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“Vamos a Cuba” is Going Nowhere

Vamos a Cuba! Is Going Nowhere

Vamos a CubaOn November 16, 2009, the United State Supreme Court unanimously denied a petition for writ of certiorari from petitioners, including the American Civil Liberties Union, to keep a children’s book, Vamos a Cuba!, on library shelves in Miami-Dade County Public Schools. Though only 32 pages long, the book inspired hundreds of pages of opinion in federal courts and a three-year clash between free speech advocates and those that argued the book falsely portrays life in Cuba and should be replaced with books that are more accurate and representative about current-day conditions in Cuba.

What started as fight between one Cuban-American parent and the administration of one Miami elementary school eventually became a pitched constitutional battle about education, censorship, free speech, and politics. School Board Chairman, Augustin Barrera, stated that the “issues before us, to me are quite clear, it’s issues of inaccuracies, it’s issues of opinions, because sometimes the words that are not said are more powerful than those words which are said. Censorship is when you want to stop somebody from giving another opinion, something that goes against what you believe in. In this particular case, when I read this book, it doesn’t really give an opinion, what it gives is a lack of information, and it’s in that lack of information that I think we as the Cuban community are offended.”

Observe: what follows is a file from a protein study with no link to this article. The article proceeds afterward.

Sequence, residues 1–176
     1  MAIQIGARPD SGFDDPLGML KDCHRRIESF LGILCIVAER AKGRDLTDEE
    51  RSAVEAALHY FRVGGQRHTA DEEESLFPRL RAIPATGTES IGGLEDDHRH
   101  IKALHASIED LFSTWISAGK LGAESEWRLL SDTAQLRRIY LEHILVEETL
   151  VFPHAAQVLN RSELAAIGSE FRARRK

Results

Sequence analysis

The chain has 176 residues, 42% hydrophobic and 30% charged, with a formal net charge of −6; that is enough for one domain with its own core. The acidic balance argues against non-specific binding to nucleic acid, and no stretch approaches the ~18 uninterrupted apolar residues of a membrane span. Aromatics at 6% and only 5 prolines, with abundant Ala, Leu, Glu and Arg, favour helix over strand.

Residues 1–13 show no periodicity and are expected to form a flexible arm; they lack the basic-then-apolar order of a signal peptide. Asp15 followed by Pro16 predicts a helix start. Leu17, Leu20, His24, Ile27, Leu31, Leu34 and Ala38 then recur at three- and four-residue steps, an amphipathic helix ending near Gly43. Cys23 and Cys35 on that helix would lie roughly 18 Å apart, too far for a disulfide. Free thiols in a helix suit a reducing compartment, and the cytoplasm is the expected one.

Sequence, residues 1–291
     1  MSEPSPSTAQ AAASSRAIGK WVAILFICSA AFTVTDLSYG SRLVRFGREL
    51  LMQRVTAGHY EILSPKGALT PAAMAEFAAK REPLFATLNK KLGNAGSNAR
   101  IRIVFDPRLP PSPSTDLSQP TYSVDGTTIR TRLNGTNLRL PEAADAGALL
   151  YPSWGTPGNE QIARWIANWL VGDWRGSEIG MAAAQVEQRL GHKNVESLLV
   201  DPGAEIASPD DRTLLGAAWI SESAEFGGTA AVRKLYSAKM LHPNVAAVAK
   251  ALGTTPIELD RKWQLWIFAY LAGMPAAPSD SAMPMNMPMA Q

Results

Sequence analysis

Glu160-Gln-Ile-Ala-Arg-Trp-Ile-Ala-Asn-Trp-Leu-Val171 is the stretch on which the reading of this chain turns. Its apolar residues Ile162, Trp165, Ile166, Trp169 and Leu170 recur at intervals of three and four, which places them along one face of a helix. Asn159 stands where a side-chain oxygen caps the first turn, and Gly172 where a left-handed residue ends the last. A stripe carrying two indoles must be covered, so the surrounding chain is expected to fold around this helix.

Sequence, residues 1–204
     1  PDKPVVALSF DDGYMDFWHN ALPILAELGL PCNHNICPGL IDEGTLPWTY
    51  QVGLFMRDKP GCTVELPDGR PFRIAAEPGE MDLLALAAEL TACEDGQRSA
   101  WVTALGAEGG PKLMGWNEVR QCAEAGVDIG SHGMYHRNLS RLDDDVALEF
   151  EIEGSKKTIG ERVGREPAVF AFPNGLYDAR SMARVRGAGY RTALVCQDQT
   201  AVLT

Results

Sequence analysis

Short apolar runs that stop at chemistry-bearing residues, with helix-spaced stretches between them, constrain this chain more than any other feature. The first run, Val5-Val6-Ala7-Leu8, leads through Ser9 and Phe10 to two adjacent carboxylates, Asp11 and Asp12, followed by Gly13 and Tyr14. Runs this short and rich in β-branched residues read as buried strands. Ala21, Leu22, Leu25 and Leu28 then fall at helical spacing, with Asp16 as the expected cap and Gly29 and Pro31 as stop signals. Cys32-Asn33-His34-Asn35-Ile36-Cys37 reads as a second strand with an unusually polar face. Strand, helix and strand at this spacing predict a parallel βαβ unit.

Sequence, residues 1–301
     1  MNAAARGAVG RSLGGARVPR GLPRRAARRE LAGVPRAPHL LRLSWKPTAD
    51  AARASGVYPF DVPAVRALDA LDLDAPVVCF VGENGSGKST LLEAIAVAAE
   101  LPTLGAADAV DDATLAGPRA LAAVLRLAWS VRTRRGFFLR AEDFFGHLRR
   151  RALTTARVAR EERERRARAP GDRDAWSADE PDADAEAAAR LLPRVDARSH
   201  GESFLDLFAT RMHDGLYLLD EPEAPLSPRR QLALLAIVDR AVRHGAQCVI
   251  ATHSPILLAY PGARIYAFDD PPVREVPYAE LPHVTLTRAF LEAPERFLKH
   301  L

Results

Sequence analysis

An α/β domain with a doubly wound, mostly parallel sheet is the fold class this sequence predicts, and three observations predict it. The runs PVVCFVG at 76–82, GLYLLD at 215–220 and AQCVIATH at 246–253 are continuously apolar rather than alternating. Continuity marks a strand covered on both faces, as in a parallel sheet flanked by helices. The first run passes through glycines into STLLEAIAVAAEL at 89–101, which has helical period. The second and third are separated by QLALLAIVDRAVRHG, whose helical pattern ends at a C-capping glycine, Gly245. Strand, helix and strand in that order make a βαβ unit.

On the other hand, JoNel Newman of the ACLU responded to the decision upholding the school board’s decision to remove the book by saying, “It is a sad day for free speech in our great nation,” and called the case “a huge leap backwards in the battle against censorship.” Is banning this book about rejecting falsehoods or censoring opinion? One Cuban-American quoted in the Miami Herald had a definite opinion on the decision to remove the book: “I fear we may have become what we protest against– a totalitarian government.”

Jane Muir explores this fascinating controversy in CABA Briefs.

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“Vamos a Cuba” is Going Nowhere